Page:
Project Manager of the LLM/MPhil Human Rights and Democratisation in Africa programme at the Centre for Human Rights, University of Pretoria
The Maputo Protocol, adopted by the African Union in 2003, was expected to transform the landscape for women’s rights on the continent. Its aim was to set standards and create positive change across a range of areas including violence against women, child marriage, land rights and harmful practices.
But 14 years and 37 ratifications later there’s a great deal that remains undone.
This is largely because African states have tried to escape their responsibilities by claiming they don’t have the resources to implement the protocol. This is despite the fact that it specifically imposes an obligation on states to budget for women’s rights.
Three articles deal directly with the issue. For example, Article 4 calls for budgets to be made available to prevent violence against women while Article 10 (3) imposes an obligation on states to redirect military expenditure to social development and to promote women’s rights. Article 26(2) is the most important one since it imposes an obligation on states to provide the budgetary resources required to implement all of its articles.
Despite this, the obligation to fund the protection of women’s rights is often ignored by states.
Instead, most African countries prepare their budgets in a gender neutral way. But isn’t gender neutrality in fact “gender blindness”? Don’t national budgets that disregard the differences between men and women simply reinforce existing male dominated ways of doing things?
Gender blind budgets
In most African countries national budgets aren’t concerned with the different needs and priorities of women and girls. These gender-blind budgets usually fail to adopt policies which aim to remedy the disadvantaged situation of women and girls.
For example, being gender neutral, a government can allocate its resources to the area of health without taking into account that women have specific sexual and reproductive needs.
There is a way to solve this problem – gender budgeting. This enables states to meet their obligations to provide resources for women’s rights. It ensures that there’s an assessment of the impact that revenues and expenditure have on women and girls, as well as men and boys.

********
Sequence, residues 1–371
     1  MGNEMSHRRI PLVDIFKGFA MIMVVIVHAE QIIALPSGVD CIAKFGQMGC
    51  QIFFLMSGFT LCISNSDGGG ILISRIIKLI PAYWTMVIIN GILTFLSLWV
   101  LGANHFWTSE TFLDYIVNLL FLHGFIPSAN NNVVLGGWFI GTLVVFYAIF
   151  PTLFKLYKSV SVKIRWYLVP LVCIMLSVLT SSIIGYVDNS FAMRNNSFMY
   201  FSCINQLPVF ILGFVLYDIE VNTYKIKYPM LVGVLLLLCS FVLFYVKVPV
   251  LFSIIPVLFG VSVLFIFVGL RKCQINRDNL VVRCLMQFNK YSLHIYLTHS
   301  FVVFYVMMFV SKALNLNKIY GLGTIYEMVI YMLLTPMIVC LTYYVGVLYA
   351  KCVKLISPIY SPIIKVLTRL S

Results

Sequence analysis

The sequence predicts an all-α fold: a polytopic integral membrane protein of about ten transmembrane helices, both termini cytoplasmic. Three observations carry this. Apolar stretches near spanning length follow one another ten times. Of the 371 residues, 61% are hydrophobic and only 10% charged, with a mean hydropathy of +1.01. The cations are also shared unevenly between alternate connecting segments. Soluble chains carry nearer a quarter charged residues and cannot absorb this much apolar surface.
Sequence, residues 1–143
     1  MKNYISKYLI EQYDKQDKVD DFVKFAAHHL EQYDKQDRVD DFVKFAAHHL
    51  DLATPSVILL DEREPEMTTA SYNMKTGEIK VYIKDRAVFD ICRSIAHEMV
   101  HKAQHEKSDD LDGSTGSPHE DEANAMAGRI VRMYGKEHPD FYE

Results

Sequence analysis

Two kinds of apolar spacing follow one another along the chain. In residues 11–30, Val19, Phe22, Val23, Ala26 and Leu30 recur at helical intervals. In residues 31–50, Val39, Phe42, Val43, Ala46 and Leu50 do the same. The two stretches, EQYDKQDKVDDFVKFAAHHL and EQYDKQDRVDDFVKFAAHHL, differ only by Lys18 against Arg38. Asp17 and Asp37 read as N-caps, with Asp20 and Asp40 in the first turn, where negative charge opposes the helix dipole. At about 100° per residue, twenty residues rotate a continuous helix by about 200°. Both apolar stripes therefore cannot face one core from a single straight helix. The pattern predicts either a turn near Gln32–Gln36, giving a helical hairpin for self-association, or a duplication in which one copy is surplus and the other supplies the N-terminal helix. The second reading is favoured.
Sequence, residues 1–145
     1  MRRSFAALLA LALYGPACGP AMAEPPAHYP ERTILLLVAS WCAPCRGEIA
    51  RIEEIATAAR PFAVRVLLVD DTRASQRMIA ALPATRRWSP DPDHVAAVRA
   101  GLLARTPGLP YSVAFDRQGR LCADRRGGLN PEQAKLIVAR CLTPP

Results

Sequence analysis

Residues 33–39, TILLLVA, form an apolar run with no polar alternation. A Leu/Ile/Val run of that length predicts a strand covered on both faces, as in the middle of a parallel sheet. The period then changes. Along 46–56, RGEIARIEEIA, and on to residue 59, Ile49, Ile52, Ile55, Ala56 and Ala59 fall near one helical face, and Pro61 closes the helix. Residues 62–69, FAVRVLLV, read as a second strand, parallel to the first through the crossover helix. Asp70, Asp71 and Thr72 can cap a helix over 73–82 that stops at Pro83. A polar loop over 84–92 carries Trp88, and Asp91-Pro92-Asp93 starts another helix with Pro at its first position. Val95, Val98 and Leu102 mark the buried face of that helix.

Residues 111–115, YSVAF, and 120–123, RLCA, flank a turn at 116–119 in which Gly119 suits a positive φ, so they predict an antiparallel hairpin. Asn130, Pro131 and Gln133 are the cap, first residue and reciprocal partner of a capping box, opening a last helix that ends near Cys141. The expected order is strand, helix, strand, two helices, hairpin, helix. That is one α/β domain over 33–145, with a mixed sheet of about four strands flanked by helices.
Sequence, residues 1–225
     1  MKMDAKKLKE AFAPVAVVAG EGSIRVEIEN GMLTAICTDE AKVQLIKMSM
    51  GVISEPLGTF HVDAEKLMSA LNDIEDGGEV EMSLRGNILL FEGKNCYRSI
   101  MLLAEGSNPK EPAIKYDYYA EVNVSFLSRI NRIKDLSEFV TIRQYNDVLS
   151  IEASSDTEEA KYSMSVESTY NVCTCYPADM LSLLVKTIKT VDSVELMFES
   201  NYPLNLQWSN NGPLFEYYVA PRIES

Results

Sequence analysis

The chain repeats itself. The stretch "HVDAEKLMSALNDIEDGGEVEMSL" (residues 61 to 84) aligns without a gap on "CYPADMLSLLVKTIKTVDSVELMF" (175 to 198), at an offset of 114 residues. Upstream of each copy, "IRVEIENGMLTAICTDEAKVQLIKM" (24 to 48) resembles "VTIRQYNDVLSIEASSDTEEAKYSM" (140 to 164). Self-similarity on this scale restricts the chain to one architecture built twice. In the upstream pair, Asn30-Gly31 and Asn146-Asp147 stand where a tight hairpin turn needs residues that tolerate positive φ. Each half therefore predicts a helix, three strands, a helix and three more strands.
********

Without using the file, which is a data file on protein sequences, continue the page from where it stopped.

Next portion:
While catering for people of both sexes, gender-budgeting processes recognise that there’s a deficiency in the resources allocated to women. Thus, they aim to ensure that women’s rights are included in general budgeting mechanisms.
A number of African countries – for example Ghana, Uganda, Kenya, Mauritius, South Africa, Tanzania, Senegal and Namibia – have tried integrating gender budgeting to their budgeting processes.
The problem is that even this approach hasn’t led to enough resources being allocated to ensure implementation of the Maputo Protocol.
For instance, South Africa, the first African country to adopt gender-budgeting initiatives, has not yet met its obligations under the protocol. In South Africa, women still bear a disproportionate burden of the triple challenges of poverty, inequality and unemployment.
So what more needs to be done?
Barriers to implementation
What’s become clear is that one key barrier to implementation is the lack of guidance on how to implement the budget provisions of the Maputo Protocol. This doesn’t expressly make reference to gender budgeting.
The South African experience gives credence to the suggestion that African states need this kind of guidance.
Two years ago the Southern African Development Community developed gender-budgeting guidelines to help member states in their allocation of funds for gender-related initiatives.
The guidelines were based on the provisions of the SADC Protocol on Gender and Development that require member states to provide funds for women’s rights and adopt gender budgeting. The guidelines focus on gender-responsive budgets, singling out the process as one that ensures sufficient allocation of funds to women.
Focus on funding
Another barrier to the implementation of gender budgeting is the AU’s failure to ensure that member states meet their obligations to fund women’s rights.
With the exception of fleeting references to gender budgeting in guidelines, press releases, speeches, and reports, the African Union has not paid much attention to the issue.
The African Commission on Human and Peoples’ Rights (African Commission) must ensure that gender budgeting is brought to the forefront.
There are many ways to do this including the mechanisms of the Special Rapporteur on the Rights of Women in Africa, communiqués, state reports, investigations, research, resolutions and guidelines.
The African Commission can also develop gender-budgeting guidelines to assist member states. With gender budgeting at the forefront, widespread respect for women’s rights stands a much better chance of becoming a reality across the continent.